• Jewelry.
  • Hairpins.
  • Eyeglasses.
  • Watches.
  • Wigs.
  • Dentures.
  • Hearing aids.
  • Underwire bras.
  • Cosmetics that contain metal particles.

What you can expect

During the test

The MRI machine looks like a long narrow tube that is open on both ends. You lie down on a movable table that slides into the opening of the tube. A technologist monitors you from another room. You can talk with the technologist by microphone.

If you have a fear of enclosed spaces, called claustrophobia, you might receive a drug to help you feel sleepy and less anxious. Most people get through the exam without difficulty.

The MRI machine creates a strong magnetic field around you, and radio waves are directed at your body. The procedure is painless. You don't feel the magnetic field or radio waves, and there are no moving parts around you.

During the MRI scan, the internal part of the magnet produces repetitive tapping, thumping and other noises. Wearing earplugs or having music playing can help block the noise.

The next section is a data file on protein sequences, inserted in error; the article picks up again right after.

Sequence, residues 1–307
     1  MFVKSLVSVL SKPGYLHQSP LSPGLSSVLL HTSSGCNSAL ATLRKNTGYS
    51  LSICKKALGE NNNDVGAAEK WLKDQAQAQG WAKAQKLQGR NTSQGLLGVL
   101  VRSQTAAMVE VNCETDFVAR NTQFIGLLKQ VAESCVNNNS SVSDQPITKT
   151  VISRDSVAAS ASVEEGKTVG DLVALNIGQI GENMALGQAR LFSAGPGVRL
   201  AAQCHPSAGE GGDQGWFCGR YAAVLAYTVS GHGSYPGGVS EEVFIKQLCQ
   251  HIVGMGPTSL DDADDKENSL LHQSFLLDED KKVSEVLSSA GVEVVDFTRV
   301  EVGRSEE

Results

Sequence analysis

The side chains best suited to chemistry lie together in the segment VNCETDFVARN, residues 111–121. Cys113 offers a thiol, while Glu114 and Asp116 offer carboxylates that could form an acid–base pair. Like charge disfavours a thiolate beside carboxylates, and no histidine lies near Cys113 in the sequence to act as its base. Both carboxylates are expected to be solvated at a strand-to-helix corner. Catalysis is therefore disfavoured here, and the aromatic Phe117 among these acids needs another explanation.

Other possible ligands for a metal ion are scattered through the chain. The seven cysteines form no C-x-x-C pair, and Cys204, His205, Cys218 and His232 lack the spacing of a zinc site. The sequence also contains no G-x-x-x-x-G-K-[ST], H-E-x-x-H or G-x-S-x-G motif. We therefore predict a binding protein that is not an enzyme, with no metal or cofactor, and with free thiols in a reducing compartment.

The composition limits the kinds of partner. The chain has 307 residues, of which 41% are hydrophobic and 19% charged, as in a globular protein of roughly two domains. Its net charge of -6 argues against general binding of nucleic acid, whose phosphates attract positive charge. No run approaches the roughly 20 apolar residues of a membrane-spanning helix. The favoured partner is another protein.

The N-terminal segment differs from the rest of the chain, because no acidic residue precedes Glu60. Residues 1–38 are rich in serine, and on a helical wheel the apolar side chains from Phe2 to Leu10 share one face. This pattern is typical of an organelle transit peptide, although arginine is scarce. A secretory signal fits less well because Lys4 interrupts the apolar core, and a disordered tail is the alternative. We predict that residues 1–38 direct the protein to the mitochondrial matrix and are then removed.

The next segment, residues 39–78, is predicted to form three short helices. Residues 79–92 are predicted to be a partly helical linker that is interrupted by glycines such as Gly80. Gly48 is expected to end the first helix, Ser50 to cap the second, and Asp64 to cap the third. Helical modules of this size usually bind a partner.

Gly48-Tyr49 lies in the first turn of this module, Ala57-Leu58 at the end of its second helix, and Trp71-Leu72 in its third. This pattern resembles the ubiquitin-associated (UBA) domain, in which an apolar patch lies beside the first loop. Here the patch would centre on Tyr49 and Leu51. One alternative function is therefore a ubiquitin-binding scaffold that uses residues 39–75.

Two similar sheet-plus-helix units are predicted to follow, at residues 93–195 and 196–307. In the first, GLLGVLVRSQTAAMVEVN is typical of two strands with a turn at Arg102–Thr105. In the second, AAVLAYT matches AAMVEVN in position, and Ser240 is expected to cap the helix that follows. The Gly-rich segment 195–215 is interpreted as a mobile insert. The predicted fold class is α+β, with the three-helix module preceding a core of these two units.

In some cases, a contrast material, typically gadolinium, will be injected through an intravenous (IV) line into a vein in a hand or arm. The contrast material helps make certain details clearer. Gadolinium rarely causes allergic reactions.

An MRI exam can last anywhere from 15 minutes to more than an hour. You must hold still because movement can blur the images.

During a functional MRI exam, you might be asked to perform a few small tasks — such as tapping your thumb against your fingers, rubbing a block of sandpaper or answering simple questions. This helps pinpoint the portions of your brain that control these actions.

After the test

If you haven't been sedated, you can resume your usual activities immediately after the scan.


A doctor specially trained to interpret MRI scans, called a radiologist, will look over the images from your scan and report the findings to your doctor. Your doctor will discuss important findings and next steps with you.